Urine Test Can Diagnose Creutzfeldt-Jakob Disease

Prions Fueling A Public Health Disaster

Urine can be used to test for Creutzfeldt-Jakob disease. Unfortunately, it also is a pathway that spreads prion disease among mammals.

infectious waste and food contamination

The Medical Research Council team is working on a simple test. They claim that their prototype test still needs honing before it could be used routinely. Currently there is no easy test available for this rare but fatal brain condition. Instead, doctors have to take a sample of spinal fluid or brain tissue, or wait for a post-mortem after death. What they look for is tell-tale deposits of abnormal proteins called prions, which cause the brain damage.

Building on earlier US work, Dr. Graham Jackson and colleagues, from University College London, have now found it is also possible to detect prions in urine. This might offer a way to diagnose CJD rapidly and earlier, they say, although there is no cure.

CJD is a rare, but fatal degenerative brain disorder caused by abnormal proteins called prions that damage brain cells. In the 1990s it became clear that a brain disease could be passed from cows to humans (it can also be passed from humans to other mammals). Since then, officials have kept a close check on how many people have become sick or died from CJD. There is no known cure.

Prions and Alzheimer's disease

The study looked at urine samples from 162 people. Of these:

  • 91 were healthy controls
  • 34 had neurological disease that was not thought to be caused by CJD
  • 37 had a diagnosis of CJD (20 of these were sporadic CJD)

The urine test gave no “false-positive” results – meaning it did not falsely suggest there was CJD in any of the patients known not to have the disease. But it was less reliable when it came to detecting actual cases. It accurately detected just under half of the sporadic CJD patients and even fewer of the vCJD patients. The researchers hope they will be able to improve the test further so it can reliably detect all types of CJD.

“Although there is currently no cure for this disease, an accurate and early diagnosis is extremely important for patients and their families, said Dr. Jackson. “In the future, as trials of potential therapies become available, the earlier a patient can be diagnosed the more effective any treatment is likely to be. This test could be a critical step forward.”

Editor’s Note: Prion disease is a spectrum disease that includes Alzheimer’s disease, Creutzfeldt-Jakob disease, Parkinson’s disease, Huntington’s disease, mad cow disease, chronic wasting disease and is likely a contributing factor in the global rise in autism. Victims are infectious long before they exhibit symptoms. Misinformation and mismanagement of sewage and wastewater are contributing to the global epidemic in neurodegenerative disease. As more people get the disease, the waste stream becomes even deadler. It’s time to regulate wastewater streams, including biosolids, as infectious waste and it’s time to enforce the Bioterrorism Preparedness and Response Act of 2002.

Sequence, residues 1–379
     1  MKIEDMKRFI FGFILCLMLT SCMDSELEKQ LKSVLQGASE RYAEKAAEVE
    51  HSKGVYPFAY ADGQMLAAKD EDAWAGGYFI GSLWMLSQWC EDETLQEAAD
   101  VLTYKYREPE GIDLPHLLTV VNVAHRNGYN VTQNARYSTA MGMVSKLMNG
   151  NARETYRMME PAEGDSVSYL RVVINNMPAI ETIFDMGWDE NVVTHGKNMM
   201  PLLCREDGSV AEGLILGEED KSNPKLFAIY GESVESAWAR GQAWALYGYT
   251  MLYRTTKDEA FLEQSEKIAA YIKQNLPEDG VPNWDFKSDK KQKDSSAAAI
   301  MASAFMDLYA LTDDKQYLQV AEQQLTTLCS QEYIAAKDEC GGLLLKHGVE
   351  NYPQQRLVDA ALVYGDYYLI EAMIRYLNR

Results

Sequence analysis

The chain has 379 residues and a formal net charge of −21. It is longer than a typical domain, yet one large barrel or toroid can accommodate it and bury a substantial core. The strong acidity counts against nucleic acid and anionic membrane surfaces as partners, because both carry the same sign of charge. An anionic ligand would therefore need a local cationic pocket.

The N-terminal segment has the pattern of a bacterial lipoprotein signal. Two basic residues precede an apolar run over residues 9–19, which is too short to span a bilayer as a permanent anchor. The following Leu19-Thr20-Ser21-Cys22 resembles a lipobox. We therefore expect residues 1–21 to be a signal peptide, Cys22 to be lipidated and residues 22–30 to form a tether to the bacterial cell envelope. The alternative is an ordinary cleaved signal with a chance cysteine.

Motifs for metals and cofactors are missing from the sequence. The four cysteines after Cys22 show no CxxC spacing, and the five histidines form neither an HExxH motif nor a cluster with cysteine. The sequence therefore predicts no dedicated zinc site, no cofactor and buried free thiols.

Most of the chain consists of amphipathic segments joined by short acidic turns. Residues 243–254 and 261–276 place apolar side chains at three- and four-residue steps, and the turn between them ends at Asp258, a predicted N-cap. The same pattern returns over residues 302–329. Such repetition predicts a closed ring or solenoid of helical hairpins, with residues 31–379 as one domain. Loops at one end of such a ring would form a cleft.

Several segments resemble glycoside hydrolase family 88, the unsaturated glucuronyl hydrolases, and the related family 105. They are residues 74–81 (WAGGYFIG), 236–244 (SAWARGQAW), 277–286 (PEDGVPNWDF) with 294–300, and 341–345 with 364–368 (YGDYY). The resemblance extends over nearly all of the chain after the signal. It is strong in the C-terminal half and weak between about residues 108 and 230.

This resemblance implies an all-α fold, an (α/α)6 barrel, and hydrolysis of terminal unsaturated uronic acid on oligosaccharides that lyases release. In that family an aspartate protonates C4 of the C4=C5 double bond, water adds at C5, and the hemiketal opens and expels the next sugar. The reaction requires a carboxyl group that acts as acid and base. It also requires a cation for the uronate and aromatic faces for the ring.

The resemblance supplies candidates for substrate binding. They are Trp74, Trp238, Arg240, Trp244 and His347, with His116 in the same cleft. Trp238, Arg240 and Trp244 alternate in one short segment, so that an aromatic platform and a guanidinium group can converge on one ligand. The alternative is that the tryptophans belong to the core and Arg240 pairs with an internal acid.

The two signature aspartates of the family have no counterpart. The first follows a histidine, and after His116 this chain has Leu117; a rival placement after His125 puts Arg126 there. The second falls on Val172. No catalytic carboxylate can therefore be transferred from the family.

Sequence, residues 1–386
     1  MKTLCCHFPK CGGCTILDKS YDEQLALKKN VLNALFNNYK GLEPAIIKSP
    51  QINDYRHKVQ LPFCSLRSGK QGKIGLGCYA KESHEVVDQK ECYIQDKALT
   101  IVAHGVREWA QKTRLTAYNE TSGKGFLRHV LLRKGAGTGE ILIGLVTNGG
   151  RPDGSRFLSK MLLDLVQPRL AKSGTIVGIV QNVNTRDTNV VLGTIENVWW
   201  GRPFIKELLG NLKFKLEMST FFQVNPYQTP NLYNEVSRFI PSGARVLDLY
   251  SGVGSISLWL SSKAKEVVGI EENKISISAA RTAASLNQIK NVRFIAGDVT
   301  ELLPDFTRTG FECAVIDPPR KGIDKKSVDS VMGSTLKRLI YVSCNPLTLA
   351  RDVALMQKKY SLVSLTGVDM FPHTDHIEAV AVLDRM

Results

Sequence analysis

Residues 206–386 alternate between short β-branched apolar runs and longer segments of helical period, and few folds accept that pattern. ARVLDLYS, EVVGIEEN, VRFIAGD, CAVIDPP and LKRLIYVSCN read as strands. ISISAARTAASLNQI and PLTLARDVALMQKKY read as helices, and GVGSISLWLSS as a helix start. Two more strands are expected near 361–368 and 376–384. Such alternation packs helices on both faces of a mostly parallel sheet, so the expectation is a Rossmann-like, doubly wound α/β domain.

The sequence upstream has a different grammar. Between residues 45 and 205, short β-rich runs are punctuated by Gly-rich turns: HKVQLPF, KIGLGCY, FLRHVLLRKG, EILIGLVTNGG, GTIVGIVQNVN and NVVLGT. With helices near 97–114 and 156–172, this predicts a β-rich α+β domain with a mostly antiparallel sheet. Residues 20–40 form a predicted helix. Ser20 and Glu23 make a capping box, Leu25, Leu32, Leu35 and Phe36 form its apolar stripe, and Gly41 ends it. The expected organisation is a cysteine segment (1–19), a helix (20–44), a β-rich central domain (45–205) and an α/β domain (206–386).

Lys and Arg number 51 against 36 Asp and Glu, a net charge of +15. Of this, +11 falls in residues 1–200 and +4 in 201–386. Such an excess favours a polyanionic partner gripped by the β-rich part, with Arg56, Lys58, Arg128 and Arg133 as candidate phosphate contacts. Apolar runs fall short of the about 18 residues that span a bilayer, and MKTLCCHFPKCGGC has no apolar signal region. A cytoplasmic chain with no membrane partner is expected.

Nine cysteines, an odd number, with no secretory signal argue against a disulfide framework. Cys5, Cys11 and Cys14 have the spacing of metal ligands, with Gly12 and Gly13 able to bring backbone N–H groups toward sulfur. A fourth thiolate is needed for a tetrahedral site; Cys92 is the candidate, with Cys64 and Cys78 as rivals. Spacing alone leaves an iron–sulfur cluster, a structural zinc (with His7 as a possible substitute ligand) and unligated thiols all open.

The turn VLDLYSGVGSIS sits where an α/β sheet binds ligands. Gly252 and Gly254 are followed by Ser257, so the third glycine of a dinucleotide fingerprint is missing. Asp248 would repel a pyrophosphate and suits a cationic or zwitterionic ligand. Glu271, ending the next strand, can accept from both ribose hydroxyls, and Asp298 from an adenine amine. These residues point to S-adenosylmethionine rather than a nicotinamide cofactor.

Neurodegenerative News via http://www.bbc.com/news/health-37541550?post_id=10153608943738725_10154203430888725

Alzheimer’s Disease Protein Differs In Each Patient

Prion Pathogen Mutates As It Migrates

Alzheimer’s disease proteins form and accumulate differently in every patient, according to new research. This means that universal treatments may be impossible. With Alzheimer’s disease a protein called amyloid-beta forms fibers that congregate into plaques. These protein formations appear to be toxic and destructive to brain cells.

Alzheimers epidemic

The neurodegeneration associated with Alzheimer’s disease starts years before symptoms of dementia appear.

Alzheimer’s disease is a form of dementia that causes gradual deterioration of the memory and thinking process and, eventually, death. A new study suggests that each person may have a distinct version of the fibers, and that this affects how the disease develops. This was shown from a small study where the A-beta protein was removed from the brain tissue of two women who had died from Alzheimer’s disease.

The women had different symptoms and the disease affected different parts of their brains and the protein took only a very different shape in each of the women. What the researchers found was that one woman’s fibers were long, thin and straight, while the other woman’s fibers were thicker and contained periodic twists. The research was undertaken by the U.S. National Institutes of Health and the findings have been published in the journal Cell.

Read more: http://www.digitaljournal.com/article/359364#ixzz2gVdbrzhH

treat Alzheimer's disease

Prions In Plants Spreading Brain Diseases

Infectious Waste Spreading Alzheimer’s Disease

Prions — the infectious, deformed proteins that cause chronic wasting disease in deer and mad cow disease in cattle — can be absorbed by plants such as alfalfa, corn and tomatoes, according to new research from the National Wildlife Health Center in Madison.